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Meet the BioFresh team: Aaike De Wever

August 1, 2011

Lake Tanganyika near Ujiji, Tanzania. Image: A De Wever

Continuing our series of interviews with BioFresh partners, we hear from Aaike De Wever, BioFresh Science Officer at the Freshwater Laboratory, Royal Belgian Institute of Natural Sciences.

 1. What is the focus of your work for BioFresh, and why?

My main focus within the BioFresh project is coordinating the development of the freshwater biodiversity information platform and data portal.  As I outlined in an earlier blogpost, another important aspect of my work is mobilizing freshwater data. As I believe it is necessary to communicate on this issue, I am currently preparing a series of blogposts on this topic.

Lake Tanganyika near Ujiji, Tanzania. Image: A De Wever

2. How is your work relevant to policy makers, conservationists and/or the general public?

One of the main aims of BioFresh, in which I am heavily involved, is to make data discoverable and encouraging the on-line publication of biodiversity data. In doing so, we hope to contribute to an increased efficiency and transparency in science by helping the discovery of relevant datasets and reducing the need to do certain surveys over again. In addition, the mobilised data will be made open access so that anyone interested can consult it. In addition, I will be involved in integrating the Climate Vulnerability Index and Key Biodiversity Areas tools in the portal. These tools developed by BioFresh partners are specifically targeting policy makers and conservationists.

3. Why is the BioFresh project important?

From the data point of view, I believe BioFresh has a major role in creating a change of mindset in the way (freshwater) scientists deal with data, data publication and openness of data.

Liemba ferry on Lake Tanganyika. Image: A De Wever

4. Tell us about a memorable experience in your scientific career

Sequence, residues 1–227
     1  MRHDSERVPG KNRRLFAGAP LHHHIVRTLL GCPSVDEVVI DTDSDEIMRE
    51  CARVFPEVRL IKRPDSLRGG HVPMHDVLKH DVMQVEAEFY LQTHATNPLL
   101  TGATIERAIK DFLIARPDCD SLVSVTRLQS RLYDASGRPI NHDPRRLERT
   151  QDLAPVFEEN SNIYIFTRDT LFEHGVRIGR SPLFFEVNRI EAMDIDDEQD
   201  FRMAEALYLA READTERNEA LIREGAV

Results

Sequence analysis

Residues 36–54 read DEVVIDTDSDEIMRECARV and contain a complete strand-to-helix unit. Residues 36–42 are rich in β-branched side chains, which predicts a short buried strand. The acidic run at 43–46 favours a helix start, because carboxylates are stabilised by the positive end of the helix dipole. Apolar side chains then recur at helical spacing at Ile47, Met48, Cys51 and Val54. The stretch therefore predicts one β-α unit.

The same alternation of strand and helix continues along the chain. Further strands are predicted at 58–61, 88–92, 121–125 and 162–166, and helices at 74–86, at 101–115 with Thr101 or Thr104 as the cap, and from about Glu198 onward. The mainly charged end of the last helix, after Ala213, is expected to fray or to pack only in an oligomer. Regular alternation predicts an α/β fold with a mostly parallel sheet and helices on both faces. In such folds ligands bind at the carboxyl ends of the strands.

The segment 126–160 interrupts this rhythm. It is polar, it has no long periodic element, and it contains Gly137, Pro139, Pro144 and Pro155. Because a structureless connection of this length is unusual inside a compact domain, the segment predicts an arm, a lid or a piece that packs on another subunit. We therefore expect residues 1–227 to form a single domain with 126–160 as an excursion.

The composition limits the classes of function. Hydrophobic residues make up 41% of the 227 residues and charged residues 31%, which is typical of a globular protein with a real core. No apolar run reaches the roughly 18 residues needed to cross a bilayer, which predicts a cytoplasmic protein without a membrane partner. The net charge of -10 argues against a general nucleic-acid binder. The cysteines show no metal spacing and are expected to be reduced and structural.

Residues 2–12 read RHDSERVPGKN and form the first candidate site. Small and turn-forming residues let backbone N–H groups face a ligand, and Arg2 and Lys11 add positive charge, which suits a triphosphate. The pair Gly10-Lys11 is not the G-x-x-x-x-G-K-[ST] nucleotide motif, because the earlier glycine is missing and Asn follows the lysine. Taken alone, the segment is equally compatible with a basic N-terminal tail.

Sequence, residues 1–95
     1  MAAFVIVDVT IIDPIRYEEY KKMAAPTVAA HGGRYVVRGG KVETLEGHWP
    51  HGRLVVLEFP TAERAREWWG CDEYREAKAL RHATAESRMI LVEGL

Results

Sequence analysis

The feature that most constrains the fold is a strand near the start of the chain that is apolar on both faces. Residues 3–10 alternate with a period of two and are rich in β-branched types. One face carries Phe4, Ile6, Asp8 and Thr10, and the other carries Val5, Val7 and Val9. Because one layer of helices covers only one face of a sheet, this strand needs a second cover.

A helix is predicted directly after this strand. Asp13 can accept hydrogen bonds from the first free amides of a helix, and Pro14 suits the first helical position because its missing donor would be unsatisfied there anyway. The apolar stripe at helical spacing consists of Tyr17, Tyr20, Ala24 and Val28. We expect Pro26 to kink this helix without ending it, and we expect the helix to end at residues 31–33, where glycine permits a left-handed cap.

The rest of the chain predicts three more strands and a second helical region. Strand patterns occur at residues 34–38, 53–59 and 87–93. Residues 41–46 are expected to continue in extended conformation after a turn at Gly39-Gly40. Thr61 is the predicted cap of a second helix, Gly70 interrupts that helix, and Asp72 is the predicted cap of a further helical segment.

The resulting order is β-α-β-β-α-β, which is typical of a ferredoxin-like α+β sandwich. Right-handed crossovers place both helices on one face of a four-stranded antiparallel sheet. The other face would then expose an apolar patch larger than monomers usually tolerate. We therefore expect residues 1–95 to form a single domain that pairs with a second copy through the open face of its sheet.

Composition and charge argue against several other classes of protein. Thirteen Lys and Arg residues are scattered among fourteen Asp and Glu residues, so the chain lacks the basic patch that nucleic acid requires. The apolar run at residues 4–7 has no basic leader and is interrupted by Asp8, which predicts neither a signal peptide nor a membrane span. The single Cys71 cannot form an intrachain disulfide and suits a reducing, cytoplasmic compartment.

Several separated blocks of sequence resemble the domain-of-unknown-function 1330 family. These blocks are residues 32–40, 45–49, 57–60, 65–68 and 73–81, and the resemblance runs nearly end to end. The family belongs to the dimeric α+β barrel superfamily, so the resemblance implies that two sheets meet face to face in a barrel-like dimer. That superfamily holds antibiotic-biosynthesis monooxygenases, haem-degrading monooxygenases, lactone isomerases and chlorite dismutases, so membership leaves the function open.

For my PhD, I had the chance to do fieldwork on Lake Tanganyika, which was quite memorable in itself. But one of the creatures that really fascinated me was the freshwater jellyfish Limnocnida tanganyicae, which I really enjoyed observing. I even tried to do some grazing experiments with them, but sampling and picking out these fragile creatures wasn’t very straightforward…! Another great experience was crossing the lake on the Liemba, which really confronts you with the immense size of the lake and the importance of fisheries in the basin.

Liemba ferry on Lake Tanganyika. Image: A De Wever

5.  What inspired you to become a scientist?
I grew up in quite a green environment (surprisingly so for Flanders) and hence was fascinated by nature form a very young age. I am not completely sure what convinced me to go forward in this direction, but in afterthought I have always been fascinated by computers as well, so that would have been my second option. So working on databases and coordinating IT developments isn’t that far off after all.

6. What are your plans and ambitions for your future work?

Although not really scientific, my main ambition for the years to come is to make the BioFresh data portal really work. I believe that, by creating a high quality data portal, which allows to integrate biodiversity data in different tools, we will be able to demonstrate the importance and possibilities that emerge when several scientists are sending in their data and convince more scientists to do the same.

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